"Smarter Driver: Why are road deaths spiking?"
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Cooley On Cars
Cooley On Cars
Smarter Driver: Why are road deaths spiking?
On US roads it's been high clover for low death rates.
In the 20 years from 96 from 2015, US traffic deaths per capita were down 16 of those years.
But in 2015
Something started turning wrong.
The countries per capital up 10%.
Total deaths up as well and may hit 40,000 when the 2016 numbers are in according to the national safety council.
That will be the first time they crested 40K.
Since before the 2008 recession.
Even benchmarks against miles travelled in a strengthening economy since then, 2015 marks a spike.
And the National Safety Counsel thinks 2016 will come in 3% higher on that measure as well.
Hot spots are Georgia, Idaho, Oregon, Vermont and New Hampshire.
And all of this despite the fact that higher risk young drivers Are trending away from the wheel, according to University of Michigan's Michael Sivak and Brandon Schoettle.
A broad trend since the early 80s shows a big drop in 16 year olds with licenses, but also those in their early 20s, and even early 30s.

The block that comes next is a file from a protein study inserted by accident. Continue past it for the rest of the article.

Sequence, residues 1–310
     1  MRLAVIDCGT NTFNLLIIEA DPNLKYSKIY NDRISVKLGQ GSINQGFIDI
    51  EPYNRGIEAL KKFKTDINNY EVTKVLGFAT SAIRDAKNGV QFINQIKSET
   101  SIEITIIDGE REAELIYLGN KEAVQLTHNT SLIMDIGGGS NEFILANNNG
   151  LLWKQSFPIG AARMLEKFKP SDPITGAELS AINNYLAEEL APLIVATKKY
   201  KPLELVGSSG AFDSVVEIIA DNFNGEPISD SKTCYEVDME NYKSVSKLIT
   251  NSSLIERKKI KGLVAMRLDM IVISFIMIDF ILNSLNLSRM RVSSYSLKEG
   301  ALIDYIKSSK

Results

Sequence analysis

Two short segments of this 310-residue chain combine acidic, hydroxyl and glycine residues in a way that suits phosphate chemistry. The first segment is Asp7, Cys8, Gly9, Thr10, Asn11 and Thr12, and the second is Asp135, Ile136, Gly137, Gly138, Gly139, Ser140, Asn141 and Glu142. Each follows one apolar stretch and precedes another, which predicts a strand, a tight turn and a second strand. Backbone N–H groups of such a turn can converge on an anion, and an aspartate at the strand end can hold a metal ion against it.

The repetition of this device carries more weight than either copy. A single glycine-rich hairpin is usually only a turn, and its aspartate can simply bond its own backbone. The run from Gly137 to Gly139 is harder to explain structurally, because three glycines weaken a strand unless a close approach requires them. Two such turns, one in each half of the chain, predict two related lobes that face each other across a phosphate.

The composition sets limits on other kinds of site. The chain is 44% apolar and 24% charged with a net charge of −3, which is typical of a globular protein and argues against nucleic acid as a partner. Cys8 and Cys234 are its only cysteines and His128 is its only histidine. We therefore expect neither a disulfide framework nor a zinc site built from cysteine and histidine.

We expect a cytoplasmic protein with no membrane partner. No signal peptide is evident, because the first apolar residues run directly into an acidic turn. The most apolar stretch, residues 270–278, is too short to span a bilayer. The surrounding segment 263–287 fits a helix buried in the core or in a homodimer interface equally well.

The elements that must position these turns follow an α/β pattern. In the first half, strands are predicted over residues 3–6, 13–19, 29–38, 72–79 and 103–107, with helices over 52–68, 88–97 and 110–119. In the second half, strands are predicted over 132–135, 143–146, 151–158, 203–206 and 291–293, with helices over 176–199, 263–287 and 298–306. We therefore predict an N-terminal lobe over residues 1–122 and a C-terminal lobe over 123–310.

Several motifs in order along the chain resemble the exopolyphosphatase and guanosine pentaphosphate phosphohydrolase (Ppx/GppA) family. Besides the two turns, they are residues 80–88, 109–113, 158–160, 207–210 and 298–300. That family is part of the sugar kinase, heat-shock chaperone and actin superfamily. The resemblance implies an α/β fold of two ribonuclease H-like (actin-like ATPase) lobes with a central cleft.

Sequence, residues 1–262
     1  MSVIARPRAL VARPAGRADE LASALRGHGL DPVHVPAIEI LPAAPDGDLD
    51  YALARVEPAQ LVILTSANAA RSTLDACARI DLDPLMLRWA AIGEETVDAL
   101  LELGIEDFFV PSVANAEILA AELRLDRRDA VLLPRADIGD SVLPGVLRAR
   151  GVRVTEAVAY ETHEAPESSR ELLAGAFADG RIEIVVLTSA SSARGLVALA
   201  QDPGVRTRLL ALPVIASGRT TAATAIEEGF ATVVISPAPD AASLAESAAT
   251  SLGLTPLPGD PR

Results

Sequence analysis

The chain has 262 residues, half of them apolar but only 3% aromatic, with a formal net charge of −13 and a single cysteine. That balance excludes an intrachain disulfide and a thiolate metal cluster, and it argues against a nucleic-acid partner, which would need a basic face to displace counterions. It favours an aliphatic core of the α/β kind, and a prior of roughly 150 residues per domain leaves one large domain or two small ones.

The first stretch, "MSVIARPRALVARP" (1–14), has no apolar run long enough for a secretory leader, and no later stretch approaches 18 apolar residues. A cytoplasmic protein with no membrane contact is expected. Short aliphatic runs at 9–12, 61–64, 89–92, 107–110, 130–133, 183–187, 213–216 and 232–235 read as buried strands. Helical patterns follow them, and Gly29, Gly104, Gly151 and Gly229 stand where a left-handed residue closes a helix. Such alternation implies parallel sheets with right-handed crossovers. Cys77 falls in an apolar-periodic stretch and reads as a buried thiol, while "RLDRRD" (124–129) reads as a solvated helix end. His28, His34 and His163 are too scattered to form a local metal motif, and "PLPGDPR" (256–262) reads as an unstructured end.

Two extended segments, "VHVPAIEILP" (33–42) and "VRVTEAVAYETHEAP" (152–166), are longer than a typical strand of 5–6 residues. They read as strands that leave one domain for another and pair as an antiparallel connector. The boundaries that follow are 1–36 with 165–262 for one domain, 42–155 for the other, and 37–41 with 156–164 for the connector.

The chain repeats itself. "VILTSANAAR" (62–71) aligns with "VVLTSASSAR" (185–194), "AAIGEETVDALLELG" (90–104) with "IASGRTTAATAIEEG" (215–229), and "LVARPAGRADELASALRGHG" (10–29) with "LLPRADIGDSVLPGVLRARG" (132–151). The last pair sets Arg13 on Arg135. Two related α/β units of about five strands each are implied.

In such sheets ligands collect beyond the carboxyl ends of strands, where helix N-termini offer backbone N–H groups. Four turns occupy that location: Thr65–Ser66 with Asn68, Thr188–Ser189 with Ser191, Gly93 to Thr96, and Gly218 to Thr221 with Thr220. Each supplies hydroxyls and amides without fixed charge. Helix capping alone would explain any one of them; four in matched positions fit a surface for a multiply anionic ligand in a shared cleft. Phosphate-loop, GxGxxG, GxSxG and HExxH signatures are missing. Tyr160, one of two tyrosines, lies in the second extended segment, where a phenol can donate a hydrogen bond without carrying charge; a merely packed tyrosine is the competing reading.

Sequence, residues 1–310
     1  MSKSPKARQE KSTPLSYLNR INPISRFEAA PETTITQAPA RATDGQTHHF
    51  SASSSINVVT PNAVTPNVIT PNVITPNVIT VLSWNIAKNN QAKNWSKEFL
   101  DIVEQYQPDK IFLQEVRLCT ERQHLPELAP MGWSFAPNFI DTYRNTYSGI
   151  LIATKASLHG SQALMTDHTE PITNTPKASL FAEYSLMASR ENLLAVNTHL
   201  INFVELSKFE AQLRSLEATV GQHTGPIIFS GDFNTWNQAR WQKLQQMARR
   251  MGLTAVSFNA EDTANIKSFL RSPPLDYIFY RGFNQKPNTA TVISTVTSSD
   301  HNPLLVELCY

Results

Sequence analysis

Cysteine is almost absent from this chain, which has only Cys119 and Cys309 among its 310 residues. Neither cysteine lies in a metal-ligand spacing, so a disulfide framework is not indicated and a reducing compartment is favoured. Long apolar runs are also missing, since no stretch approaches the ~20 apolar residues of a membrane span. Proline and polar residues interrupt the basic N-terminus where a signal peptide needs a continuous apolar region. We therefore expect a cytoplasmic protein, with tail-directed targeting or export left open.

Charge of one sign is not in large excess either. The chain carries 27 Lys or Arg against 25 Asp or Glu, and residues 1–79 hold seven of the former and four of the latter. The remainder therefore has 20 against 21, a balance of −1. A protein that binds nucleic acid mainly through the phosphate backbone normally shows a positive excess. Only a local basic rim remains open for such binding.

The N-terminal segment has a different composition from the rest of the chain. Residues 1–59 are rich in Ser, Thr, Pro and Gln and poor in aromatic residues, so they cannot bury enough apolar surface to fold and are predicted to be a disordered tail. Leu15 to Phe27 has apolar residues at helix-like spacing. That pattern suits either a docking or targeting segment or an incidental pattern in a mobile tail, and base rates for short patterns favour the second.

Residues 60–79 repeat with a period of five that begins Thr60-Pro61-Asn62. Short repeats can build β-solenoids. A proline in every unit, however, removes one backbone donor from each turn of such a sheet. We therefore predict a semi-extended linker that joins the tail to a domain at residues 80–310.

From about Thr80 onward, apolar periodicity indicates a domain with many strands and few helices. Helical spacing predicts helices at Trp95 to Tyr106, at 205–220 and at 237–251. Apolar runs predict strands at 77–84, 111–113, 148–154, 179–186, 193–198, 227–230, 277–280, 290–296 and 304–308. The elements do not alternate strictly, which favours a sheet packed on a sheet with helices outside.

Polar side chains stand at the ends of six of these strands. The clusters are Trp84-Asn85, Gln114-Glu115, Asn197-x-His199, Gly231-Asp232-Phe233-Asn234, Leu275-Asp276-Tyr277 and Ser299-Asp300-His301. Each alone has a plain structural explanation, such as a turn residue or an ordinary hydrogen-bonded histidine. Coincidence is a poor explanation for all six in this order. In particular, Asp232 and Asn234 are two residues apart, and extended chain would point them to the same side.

They give various reasons ranging from being too busy to get a license, to thinking cars are too expensive, or just bumming or borrowing a ride is easy.
In response to all these, the National Safety Council is calling for some changes that you might find encouraging or perhaps alarming, requiring of ignition locks for everyone convicted of a DUI, broader use of speed cameras.
No more hands free calling, no phone use at all, and making doing so a primary offense.
Doing the same for seat belt laws, in all seats of all kinds of vehicles.
Requiring drivers under 21 to graduate through two Two preliminary tiers of drivers license before they get a full D.L. And standardizing blind spot, automatic braking, lane departure, and adaptive headlights in federal regulations.
All of that's voluntary tech today.
Just when we started patting ourselves on the back for a long down trend in road fatalities, it looks like there's still more work to be done.
And perhaps a stronger argument that some degree autonomy is the key to the next big reduction in death
More realities of modern driving, revealed now on CNETOnCars.com.
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